Cannabis Science Conference 2018
Last week’s Cannabis Science Conference brought us amazing speakers, excellent presentations, and a whole lot of discussion about lab testing. This was the third year of the aptly-named conference, and the content has never been better. The two-day conference is Portland’s yearly homage to all things cannabis science. Unlike a traditional science conference, where scientists present to each other, CSC cultivates an atmosphere that is accessible to cannabis consumers and professionals alike. The Farma team spent both days reveling in the information on display.
The conference had three tracks: Analytic, Cultivation, and Medical. These tracks each had two full days of speakers presenting on a range of subtopics. Additionally, there were research posters displayed in the exhibition hall. Some of the most famous voices in cannabis research were on hand to share their vision and passion with us.
Dr. Dedi Meiri kicked off the conference with a discussion of his work in Israel. His lab has a library of over 140 cannabinoids, used to conduct experiments on how cannabis affects different diseases. Currently his focus is on cancer, autism, and pain. As we are well-aware, there is a ton of promising research about cannabinoids. Meiri’s work is to discover what combination of cannabinoids are responsible for that promise. Cannabis’ chemical expression is phenomenally diverse. That diversity makes it difficult to determine what compounds are beneficial. What three, or seven, or twenty cannabinoids are responsible for killing pancreatic cancer cells? Can you replicate results from a petri dish in rodents? What is the likelihood that it will work in humans? Meiri’s work is literally curing cancer.*
Ethan Russo, featured in last week’s blog post, was also at the conference. He called for a new classification system in the Analytical Track’s second day; one based on chemistry and not breeding history. His newest paper, “Pharmacological Foundations of Cannabis Chemovars”, informed his keynote lecture. Russo’s proposed system would take into account the ratio of THC to CBD as well as the three most dominant terpenes. If you’ve ever heard us mention the Entourage Effect, you’re familiar Russo’s most well-known theory. The current discussion about terpenes and their potential impact is due, in large part, to him. Not to mention he’s a genuinely delightful human. We owe a great deal of gratitude to the work of this short-statured giant.
This was the Cultivation Track’s first year at the conference. Cultivation technology has proliferated as growing has moved indoors. This transition means more interest in tracking environmental growth factors. From CO2 level to temperature to lighting, everything impacts how cannabis grows. And now we can measure it.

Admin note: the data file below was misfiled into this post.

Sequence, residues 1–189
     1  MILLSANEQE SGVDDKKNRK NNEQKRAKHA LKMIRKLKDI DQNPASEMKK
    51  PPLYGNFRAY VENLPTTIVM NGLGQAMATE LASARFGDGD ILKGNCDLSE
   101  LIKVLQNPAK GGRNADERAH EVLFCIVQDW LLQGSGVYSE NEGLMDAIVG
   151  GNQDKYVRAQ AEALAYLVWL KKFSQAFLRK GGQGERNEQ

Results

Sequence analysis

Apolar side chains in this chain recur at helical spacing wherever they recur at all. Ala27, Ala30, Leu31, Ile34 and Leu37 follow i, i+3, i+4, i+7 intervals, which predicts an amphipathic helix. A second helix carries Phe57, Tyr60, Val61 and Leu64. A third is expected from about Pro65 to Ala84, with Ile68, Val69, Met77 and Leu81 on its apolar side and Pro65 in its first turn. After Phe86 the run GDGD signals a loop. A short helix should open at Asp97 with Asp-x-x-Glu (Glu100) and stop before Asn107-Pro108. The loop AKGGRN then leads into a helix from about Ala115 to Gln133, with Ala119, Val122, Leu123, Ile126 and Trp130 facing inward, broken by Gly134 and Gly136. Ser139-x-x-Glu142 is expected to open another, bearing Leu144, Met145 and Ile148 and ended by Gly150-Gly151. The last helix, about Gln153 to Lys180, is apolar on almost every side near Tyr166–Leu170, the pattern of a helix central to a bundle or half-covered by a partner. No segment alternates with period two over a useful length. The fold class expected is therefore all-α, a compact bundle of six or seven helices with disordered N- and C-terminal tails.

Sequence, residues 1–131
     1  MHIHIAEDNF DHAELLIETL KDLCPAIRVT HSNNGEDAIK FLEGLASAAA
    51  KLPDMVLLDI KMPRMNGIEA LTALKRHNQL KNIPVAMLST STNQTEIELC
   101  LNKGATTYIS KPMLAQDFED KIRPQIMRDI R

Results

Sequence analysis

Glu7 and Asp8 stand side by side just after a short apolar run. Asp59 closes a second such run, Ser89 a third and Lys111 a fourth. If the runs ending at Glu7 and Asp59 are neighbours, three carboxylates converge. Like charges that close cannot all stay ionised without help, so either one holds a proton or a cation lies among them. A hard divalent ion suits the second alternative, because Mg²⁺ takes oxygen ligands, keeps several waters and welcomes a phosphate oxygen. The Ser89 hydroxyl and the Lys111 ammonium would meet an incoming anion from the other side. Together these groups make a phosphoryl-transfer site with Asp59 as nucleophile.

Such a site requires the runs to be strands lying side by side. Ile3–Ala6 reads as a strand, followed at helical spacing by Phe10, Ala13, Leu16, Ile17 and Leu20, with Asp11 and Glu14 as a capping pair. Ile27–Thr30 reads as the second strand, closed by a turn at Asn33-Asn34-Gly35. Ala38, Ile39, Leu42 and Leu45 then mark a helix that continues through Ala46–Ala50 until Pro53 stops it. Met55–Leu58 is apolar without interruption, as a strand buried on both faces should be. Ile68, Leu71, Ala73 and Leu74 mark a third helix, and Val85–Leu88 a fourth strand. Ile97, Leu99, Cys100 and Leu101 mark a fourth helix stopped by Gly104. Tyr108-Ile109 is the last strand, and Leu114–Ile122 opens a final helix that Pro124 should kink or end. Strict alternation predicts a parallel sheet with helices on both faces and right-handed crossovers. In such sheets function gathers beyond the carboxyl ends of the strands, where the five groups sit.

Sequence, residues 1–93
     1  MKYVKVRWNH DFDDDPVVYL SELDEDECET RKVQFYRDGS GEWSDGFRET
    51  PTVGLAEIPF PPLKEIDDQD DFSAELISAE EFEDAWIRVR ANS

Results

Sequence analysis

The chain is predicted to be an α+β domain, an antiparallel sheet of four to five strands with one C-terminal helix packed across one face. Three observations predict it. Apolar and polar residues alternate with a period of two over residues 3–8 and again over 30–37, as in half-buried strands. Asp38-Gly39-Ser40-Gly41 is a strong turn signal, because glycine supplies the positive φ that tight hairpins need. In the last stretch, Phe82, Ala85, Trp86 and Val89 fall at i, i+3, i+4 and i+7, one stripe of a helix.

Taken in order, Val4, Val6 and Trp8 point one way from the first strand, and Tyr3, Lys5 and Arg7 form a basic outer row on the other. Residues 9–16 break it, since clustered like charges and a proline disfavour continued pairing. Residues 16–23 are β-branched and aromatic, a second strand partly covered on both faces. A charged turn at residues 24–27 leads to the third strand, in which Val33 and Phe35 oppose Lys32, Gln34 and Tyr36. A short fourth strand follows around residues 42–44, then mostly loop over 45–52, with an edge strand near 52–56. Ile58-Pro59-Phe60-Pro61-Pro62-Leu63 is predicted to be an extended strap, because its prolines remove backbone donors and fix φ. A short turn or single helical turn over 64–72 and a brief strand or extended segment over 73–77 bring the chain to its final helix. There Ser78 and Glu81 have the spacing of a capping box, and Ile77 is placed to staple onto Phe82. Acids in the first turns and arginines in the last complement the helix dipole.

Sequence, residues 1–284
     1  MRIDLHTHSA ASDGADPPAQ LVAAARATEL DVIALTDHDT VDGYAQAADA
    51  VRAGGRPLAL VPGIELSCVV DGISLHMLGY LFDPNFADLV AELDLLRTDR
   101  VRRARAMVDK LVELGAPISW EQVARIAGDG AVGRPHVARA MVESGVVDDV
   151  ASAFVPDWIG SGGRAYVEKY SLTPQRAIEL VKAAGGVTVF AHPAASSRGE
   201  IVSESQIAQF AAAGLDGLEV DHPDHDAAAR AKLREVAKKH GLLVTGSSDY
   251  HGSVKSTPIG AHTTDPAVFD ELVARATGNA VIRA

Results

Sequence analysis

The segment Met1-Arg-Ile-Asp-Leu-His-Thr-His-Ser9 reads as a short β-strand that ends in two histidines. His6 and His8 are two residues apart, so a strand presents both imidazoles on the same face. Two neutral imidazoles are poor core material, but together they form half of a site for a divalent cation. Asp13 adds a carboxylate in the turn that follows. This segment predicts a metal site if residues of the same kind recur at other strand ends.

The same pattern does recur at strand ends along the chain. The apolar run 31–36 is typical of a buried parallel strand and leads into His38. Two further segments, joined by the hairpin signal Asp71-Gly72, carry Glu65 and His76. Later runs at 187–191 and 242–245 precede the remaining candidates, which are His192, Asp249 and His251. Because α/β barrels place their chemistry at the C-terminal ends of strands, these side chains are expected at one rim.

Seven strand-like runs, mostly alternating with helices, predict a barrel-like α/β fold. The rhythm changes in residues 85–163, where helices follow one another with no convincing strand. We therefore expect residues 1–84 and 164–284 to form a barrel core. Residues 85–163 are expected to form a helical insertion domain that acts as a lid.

Allison Justice spoke about the pros and cons of switching from standard grow lights to LED ones. Turns out switching to LED not only reduces energy costs, but can also increase yield. The more light the better in cannabis grows, and LEDs allow for a huge increase in light output. While startup cost can be prohibitive, in a short amount of time the increased output makes up for that cost. Using LEDs for grow lights is win-win.
The Medical Track was chock-full of anecdotal evidence. Doctors are seeing more patients reporting cannabis’ positive impact. This is especially poignant as many patients turn to cannabis as a last-ditch effort to manage symptoms. The positive results they experience are changing doctors’ minds. As minds begin to change, we can hope for an increased interest in clinical trials for cannabis. Clinical trials are the gold standard in Western medicine. They show how effective a particular medication is for a specific disease. Unfortunately, clinical trials run into all sorts of barriers in the US. We have a long way to go to catch up with the rest of the world.
Jan Roberts has seen impressive results in her patients who use cannabis. As a clinical social worker at NYU, most of the people she works with struggle with severe mental disorders. She began to notice a distinct lack of research into cannabis and mental health. Furthermore, there is significant bias in mental health workers against the use of cannabis. These factors have led many patients to seek medical advice from under-qualified budtenders. Seeing this, Roberts is laying the foundation for mental health research to occur. Research is the best way to move away from budtenders giving medical advice and towards medical professionals doing so.
More conference coverage to come
The Cannabis Science Conference gave us two days stuffed with information. Keep checking the blog to learn more. Talented geneticist Reggie Gauldino talked about the importance of cannabis genetics. Dr. Sue Sisley gave us an update on her work with veterans and athletes. One of the posters showed a chemical breakdown of a Jamaican landrace. Ya know, science stuff.
* ‘Cancer’ is a catch-all term used to describe hundreds of different diseases. These diseases each respond to different treatments. Cannabis might work well for some types of cancer, be neutral at others, and have a negative impact on yet others. Meiri’s work is to clarify cannabis’ effect for as many types of cancer as he can.